“Let’s do this.” With that, former Olympiad and Kardashian paterfamilias Bruce Jenner answered a question that many had been asking recently: Is he a transgender woman? The answer is unequivocally yes: “For all intents and purposes, I am a woman,” Jenner said. “My heart and soul and everything I do in life, it is part of me, that female side…is who I am.” In an emotional interview with Diane Sawyer on 20/20, Jenner revealed his lifelong struggle with his gender identity, being a transgender woman and what’s next. (In the interview, Jenner expressed preference to be referred to by his given name and male pronouns; we’ll continue to do so during coverage of the interview, in deference to those wishes.) “I’m gonna learn a lot in the next year,” Jenner remarked. Here’s what we learned from the interview.
This is the last interview Bruce Jenner plans to give as “Bruce Jenner.”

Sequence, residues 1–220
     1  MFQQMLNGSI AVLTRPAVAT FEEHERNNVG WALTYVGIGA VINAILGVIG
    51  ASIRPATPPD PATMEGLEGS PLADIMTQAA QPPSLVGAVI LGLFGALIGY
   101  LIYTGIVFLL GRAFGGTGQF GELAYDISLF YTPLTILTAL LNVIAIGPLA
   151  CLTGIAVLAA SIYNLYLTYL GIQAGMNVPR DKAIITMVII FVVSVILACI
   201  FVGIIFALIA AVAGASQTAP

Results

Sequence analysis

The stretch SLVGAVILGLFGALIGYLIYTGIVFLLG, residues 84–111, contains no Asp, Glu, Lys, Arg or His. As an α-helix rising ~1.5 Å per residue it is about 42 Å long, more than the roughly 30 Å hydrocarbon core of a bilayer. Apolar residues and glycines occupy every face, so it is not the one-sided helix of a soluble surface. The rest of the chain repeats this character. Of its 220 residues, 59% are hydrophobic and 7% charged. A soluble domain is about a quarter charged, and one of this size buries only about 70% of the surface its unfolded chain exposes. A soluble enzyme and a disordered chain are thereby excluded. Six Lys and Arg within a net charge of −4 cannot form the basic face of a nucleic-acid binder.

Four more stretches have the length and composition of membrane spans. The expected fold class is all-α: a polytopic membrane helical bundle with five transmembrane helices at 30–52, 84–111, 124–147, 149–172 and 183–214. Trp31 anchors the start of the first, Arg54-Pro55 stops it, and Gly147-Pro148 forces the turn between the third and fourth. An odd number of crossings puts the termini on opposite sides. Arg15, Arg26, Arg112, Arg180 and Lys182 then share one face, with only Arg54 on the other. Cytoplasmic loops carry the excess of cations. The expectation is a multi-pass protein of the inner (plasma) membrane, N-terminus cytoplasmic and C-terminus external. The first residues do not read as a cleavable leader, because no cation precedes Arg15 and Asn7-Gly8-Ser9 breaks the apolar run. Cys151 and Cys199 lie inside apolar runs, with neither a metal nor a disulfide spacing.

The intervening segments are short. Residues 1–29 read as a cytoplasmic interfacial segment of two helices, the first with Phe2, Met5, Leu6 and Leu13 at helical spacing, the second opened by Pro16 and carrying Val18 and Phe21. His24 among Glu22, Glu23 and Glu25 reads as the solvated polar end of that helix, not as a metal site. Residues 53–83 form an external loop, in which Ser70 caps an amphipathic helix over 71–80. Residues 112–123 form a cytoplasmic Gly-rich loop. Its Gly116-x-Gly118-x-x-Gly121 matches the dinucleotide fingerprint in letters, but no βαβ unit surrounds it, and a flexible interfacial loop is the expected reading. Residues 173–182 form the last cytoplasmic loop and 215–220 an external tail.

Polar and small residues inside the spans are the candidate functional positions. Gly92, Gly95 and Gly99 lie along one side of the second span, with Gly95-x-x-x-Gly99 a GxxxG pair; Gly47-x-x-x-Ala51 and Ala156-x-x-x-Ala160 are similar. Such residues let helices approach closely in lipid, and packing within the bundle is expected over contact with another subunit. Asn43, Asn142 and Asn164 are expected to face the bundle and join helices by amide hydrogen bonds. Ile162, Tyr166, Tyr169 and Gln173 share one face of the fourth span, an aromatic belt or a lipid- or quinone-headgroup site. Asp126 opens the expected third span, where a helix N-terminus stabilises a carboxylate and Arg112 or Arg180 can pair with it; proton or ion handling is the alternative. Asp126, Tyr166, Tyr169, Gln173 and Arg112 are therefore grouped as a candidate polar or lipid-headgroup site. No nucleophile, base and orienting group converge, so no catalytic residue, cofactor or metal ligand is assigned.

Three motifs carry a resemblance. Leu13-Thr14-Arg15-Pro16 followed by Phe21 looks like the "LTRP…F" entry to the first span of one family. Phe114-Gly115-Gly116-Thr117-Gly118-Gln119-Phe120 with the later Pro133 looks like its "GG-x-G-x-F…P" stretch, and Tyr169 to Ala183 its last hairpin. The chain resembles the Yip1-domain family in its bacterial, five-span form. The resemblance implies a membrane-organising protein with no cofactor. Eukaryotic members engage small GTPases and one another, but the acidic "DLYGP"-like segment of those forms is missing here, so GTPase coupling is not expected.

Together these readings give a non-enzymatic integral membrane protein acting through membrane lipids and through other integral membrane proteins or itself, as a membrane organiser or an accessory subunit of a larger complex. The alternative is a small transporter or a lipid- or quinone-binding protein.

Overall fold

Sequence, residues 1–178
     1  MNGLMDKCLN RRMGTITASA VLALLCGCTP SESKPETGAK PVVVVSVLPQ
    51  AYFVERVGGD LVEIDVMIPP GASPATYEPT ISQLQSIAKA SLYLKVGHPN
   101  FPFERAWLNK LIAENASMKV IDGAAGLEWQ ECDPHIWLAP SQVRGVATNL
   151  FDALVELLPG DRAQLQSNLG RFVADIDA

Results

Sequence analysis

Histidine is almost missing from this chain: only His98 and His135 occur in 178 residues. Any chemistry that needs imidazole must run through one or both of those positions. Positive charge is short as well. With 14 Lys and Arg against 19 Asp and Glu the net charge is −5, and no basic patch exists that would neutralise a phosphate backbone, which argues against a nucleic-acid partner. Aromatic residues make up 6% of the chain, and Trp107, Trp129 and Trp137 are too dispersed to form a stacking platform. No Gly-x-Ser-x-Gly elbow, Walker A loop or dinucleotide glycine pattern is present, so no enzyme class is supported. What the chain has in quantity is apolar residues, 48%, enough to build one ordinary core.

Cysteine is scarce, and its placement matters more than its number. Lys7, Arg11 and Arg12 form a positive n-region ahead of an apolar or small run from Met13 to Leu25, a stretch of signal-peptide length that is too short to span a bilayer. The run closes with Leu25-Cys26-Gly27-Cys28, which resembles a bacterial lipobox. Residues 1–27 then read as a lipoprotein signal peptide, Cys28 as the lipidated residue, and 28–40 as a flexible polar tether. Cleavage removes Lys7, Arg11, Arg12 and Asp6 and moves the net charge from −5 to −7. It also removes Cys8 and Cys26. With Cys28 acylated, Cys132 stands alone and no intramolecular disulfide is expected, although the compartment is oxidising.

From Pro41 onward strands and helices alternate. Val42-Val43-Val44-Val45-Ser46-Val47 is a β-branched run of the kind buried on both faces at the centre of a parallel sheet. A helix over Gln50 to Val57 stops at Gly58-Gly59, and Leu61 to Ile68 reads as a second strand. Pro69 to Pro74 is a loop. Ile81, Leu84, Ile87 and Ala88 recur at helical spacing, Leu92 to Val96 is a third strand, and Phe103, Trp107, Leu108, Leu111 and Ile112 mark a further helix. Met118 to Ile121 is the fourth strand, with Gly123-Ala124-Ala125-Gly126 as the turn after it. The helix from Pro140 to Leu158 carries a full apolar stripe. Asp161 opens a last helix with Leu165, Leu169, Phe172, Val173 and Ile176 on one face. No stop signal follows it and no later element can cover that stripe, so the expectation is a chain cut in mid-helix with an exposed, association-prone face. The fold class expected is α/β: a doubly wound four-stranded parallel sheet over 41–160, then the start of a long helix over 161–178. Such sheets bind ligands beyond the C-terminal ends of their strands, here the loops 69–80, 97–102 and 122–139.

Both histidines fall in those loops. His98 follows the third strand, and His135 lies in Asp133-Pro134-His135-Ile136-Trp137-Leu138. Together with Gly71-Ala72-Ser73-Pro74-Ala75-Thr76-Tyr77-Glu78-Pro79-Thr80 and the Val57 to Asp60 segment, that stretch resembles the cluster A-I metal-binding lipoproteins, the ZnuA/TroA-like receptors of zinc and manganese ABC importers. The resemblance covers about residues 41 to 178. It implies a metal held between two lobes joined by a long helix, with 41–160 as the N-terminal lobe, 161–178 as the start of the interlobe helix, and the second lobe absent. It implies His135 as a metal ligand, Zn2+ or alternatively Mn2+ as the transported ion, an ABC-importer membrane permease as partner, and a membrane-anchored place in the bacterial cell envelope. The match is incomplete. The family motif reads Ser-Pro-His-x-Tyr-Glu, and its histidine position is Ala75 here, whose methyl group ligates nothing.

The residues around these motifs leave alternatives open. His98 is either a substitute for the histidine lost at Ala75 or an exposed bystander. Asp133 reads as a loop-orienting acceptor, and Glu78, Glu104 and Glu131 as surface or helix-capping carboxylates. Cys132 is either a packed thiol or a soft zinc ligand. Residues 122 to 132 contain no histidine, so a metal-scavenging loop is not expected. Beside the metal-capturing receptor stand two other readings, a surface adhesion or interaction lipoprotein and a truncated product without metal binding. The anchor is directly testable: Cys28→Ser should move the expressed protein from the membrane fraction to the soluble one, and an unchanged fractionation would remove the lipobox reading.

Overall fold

Jenner has been transitioning now for about 18 months (though he reveals he took hormones for five years in the 1980s, more on that below). “This is me,” Jenner explained. “This is who I am. I look at it this way: Bruce has lived a lie his whole life about who he is. And I can’t do that anymore.” Jenner did not reveal a new name during the interview, only referring to his true identity as “her.” But his transition will be the subject of an eight-part series on E!, premiering in July; eventually, Jenner will reveal his true identity in public, finally living as her. “I look at women all the time, thinking, ‘Oh my God, how lucky are they, that they can wake up in the morning and be themselves?'” Soon, Jenner will be able to do the same.
No, this is not a publicity move.